Matt Southgate says having testicular cancer gave him extra incentive to achieve success in his golf career.
The 27-year-old, who had surgery to remove the cancer last year, finished fourth at the Irish Open on Sunday.
"Playing in front of a crowd and hitting great golf shots, I just live for that," he told BBC Sport.
"[Cancer] opened my eyes to how much I really wanted to do this and that's why I got emotional when I finished. All that hard work paying off is the best."
The Englishman was actually on the reserve list for the event at The K Club, but "had a funny feeling" he might play and flew to Dublin last Monday, before getting a call the following day after a number of withdrawals.
After playing the final 10 holes in five under par Southgate, whose highest career prize money was previously €28,848 (£22,261), finished four shots behind winner Rory McIlroy to earn €200,000 (£154,340).
'I shouldn't have been out of bed'
Southgate had to play on the second-tier Challenge Tour last year while helping to look after his two-year-old niece, who is suffering from leukaemia.
But he was diagnosed with cancer in July and underwent surgery in the week of the Open Championship, before recovering in time to compete at European Tour qualifying school in the first week of October.
"It was all very quick. I just went to the doctors with a complaint. They sent me for a scan and the result didn't come back the way we wanted it to," he said.
"They didn't hesitate, got me straight into hospital and removed the right testicle.
"I had to try my hardest to just recover as quickly as I possibly could to get to tour school, because I shouldn't have been out of bed."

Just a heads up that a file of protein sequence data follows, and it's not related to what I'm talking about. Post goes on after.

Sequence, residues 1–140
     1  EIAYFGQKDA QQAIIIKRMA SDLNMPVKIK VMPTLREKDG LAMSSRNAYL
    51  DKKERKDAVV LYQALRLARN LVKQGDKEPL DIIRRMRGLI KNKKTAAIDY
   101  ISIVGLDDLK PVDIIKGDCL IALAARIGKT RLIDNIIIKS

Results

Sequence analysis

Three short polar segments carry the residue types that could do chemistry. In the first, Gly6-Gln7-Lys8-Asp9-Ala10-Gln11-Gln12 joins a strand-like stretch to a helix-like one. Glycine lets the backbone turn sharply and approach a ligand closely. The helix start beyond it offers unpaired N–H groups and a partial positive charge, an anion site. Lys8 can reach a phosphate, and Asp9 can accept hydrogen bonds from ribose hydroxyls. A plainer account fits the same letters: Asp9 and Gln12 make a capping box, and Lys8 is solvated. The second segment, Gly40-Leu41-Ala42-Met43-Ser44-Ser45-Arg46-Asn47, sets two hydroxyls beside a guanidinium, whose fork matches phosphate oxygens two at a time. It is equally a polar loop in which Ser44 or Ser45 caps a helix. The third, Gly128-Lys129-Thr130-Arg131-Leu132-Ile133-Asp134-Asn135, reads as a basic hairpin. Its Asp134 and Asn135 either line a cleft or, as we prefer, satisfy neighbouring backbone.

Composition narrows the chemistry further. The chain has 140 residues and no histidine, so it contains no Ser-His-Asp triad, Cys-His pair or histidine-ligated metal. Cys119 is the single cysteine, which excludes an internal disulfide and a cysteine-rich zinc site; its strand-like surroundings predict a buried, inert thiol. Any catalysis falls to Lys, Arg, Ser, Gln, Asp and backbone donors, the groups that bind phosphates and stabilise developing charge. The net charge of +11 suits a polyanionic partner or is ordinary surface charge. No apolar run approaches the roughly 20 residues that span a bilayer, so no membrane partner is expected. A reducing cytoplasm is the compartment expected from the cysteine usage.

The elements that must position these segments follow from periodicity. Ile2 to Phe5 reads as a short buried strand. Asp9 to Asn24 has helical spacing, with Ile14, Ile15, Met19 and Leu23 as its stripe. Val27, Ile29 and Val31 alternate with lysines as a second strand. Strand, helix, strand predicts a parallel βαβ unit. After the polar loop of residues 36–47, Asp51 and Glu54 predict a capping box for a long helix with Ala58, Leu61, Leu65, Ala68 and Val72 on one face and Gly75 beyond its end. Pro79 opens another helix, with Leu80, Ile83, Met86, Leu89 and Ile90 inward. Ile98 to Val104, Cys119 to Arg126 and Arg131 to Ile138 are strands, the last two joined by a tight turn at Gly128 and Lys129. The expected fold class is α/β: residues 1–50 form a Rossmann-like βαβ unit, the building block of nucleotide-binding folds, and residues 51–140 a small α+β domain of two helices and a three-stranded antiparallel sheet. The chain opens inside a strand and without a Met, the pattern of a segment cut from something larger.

'I find it easier to smile'
Southgate earned his tour card by finishing sixth at the final qualifier in Girona in November and the Irish Open was his 11th event on the main Tour.
He believes the cancer has given him greater confidence in his own ability.
"I definitely find it easier to smile on a golf course. I still get very angry with myself if I hit poor shots or things don't go my way, but that's what the game is all about - the game is frustrating and emotional," he said.
"It's helped me back myself to achieve things in my mind, whereas before I might be a little bit less confident.
"It puts golf into perspective, but it doesn't mean you take your foot off the pedal [in the sense of] 'life's in perspective and golf doesn't matter'."
Being an armchair viewer during last year's Open illustrated to Southgate how desperate he wanted to make it in the game - and how much he loves it.
He added: "I was heartbroken watching The Open last year when I couldn't play with my feet up in the air feeling sorry for myself.
"That proves how much it does mean, this game really matters to me, I love it with all my heart."